Val Cenis offers good sking, particularly, for Intermediate and Beginner skiers.

Snowboarding

There are several terrain parks in Val Cenis, including one just above Lanslevillard. Terrain features include a natural halfpipe, boardercross, jumps and rails. The number of high speed chairs and gondolas makes getting uphill easy and the open freeriding slopes above the treeline gives way to exciting runs down through the woods.

Location and Map

Where is Val Cenis?

This ski resort is in the French Alps in Savoie, Rhône-Alpes.

Map

Tap Show Map in Full Screen for Full-Screen, or see J2Ski's Resort map, showing Hotels and Ski Shops.

How to get there

 By Air

The nearest airport to Val Cenis is Turin Caselle, 86 minutes drive away.

Annecy, Chambery, Turin Cuneo, Lyon St-Exupéry, Lyon Bron, Grenoble, Milan Malpensa, Genoa and Milan Linate airports are all within three hours drive.

Infrastructure

Ski Lift Capacity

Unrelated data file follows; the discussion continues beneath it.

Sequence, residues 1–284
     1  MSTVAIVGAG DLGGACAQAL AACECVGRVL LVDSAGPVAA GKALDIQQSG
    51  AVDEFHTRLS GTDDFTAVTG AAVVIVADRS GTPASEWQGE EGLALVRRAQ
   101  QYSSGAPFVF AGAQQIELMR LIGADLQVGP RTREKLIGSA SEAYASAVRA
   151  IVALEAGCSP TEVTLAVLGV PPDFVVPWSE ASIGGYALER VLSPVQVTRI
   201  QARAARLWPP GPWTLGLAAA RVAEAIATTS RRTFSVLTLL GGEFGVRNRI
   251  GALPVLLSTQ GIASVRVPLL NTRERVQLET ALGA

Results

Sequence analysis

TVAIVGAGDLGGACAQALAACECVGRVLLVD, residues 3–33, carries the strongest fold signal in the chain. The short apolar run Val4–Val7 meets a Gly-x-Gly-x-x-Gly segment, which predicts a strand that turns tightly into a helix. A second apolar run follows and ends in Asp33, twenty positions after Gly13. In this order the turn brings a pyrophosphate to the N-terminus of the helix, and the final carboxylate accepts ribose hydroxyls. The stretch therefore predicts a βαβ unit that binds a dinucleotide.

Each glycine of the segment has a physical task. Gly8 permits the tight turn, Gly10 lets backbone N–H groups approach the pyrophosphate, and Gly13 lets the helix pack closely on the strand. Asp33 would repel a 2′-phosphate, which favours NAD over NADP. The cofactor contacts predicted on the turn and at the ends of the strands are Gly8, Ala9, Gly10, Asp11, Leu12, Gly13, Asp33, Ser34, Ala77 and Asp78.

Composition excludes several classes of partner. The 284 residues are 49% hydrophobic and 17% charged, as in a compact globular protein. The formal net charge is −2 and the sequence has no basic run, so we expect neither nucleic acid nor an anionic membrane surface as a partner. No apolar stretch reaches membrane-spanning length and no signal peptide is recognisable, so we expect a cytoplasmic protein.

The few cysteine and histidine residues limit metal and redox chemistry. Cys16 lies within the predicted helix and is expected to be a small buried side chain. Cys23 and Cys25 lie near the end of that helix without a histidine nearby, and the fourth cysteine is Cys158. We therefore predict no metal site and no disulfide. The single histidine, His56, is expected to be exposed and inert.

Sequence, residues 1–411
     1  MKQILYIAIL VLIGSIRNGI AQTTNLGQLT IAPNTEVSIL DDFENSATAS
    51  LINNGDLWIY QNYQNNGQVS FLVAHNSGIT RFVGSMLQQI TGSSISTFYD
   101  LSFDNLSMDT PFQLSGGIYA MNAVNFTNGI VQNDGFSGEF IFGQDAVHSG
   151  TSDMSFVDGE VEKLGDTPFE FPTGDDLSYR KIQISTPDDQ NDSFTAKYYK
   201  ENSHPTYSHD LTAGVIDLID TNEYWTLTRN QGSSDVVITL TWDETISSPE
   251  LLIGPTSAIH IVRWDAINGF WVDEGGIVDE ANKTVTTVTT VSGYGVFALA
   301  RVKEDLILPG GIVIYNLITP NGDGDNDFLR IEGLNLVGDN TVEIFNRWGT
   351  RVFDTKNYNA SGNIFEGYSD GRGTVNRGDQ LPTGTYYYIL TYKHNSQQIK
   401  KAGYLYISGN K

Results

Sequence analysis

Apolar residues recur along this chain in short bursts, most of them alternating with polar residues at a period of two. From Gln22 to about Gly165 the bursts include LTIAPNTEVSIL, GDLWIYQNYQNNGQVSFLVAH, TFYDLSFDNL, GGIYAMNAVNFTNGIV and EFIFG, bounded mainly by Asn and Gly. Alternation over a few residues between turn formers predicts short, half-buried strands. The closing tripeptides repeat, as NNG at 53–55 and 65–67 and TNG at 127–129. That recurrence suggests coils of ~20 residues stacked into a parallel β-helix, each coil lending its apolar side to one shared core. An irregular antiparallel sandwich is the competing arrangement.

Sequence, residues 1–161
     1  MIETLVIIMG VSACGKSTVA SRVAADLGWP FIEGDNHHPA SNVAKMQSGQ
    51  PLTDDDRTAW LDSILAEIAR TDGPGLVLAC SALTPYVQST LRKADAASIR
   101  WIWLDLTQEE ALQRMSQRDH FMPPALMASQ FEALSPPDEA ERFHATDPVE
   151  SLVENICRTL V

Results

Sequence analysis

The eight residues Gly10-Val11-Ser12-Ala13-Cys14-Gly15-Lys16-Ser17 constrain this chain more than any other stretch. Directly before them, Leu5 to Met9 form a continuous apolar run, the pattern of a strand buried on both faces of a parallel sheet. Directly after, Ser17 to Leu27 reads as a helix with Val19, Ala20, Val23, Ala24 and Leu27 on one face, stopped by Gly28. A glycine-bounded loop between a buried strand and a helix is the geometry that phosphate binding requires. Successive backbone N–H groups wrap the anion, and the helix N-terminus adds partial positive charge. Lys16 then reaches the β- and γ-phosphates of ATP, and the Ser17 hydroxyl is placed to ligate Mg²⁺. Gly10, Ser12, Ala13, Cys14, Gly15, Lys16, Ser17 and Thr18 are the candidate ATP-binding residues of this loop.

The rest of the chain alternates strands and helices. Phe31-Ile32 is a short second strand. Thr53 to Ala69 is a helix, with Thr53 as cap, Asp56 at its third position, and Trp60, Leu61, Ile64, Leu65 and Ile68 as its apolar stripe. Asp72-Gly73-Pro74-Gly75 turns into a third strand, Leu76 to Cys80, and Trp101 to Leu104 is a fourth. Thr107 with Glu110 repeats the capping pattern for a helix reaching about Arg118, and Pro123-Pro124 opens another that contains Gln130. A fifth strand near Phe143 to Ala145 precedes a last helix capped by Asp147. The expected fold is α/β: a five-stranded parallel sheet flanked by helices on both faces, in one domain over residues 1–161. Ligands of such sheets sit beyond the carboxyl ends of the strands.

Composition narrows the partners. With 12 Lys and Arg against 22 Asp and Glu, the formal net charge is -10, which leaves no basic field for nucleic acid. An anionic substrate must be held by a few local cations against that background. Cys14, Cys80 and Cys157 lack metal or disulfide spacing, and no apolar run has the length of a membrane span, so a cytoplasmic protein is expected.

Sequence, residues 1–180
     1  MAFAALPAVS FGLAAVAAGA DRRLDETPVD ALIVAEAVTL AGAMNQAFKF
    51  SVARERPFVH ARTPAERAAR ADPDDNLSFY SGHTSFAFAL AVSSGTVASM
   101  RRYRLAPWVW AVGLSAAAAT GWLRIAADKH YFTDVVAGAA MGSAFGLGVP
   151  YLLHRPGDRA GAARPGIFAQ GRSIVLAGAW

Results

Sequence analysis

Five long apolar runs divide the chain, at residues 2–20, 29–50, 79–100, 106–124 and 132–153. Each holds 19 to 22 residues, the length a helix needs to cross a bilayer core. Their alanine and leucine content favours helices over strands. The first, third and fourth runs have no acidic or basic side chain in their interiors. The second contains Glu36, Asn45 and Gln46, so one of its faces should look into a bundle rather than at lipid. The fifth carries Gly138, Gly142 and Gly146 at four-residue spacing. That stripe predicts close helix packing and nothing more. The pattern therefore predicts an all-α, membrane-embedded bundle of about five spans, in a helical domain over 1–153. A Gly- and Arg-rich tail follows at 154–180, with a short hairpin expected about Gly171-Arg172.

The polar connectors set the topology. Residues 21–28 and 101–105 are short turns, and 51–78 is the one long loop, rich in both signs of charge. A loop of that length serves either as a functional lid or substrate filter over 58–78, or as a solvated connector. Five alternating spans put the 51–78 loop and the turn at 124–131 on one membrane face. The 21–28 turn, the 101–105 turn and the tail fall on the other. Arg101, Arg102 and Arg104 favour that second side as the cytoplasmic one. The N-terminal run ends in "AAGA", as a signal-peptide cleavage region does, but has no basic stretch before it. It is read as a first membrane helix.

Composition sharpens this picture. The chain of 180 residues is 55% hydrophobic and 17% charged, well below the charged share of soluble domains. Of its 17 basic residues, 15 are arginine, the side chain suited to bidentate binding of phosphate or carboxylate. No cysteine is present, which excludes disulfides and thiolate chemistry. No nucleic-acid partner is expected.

The 22 ski lifts are able to uplift 23,309 skiers and snowboarders every hour.

Snow Making

Snow-making is available, on 8km of ski runs, with 84 snow cannons.

Season Dates

When is Val Cenis open?

We don't currently have confirmed season dates, but hope to soon.

Usual opening is mid December, and usual closing is Mid April.

NOTE:- Ski area, lift and piste opening is subject to Current Snow Conditions.

COVID-19 / Coronavirus

We don't yet have specific details of the COVID-19 precautions being taken in Val Cenis, but they are likely to include most of the following :-

  • Face masks required on lifts, and in shops.
  • Social distancing in public areas.
  • Reduced lift capacity.
  • Extensive disinfection / sanitization.

French Ski Resort COVID-19 Measures describes further measures that may also be applied.

Visit the Val Cenis Tourist Office for the latest.

Talking about Val Cenis

Mentions in recent J2Ski News Items and Snow Reports from our users...

Aprés Ski

In common with most small to medium French ski resorts, lively bars and night spots are not the top priority in Val Cenis, although there are a number of bars and pubs in each resort. The one discotheque is La Cle des Champs in Lanslevillard which stays open to 4am nightly and has theme evenings several nights per week.

There's are cinemas in both villages and an ice rink in Lanslebourg. Organised evening activities include snowshoe hikes ad torchlit descents.

Val Cenis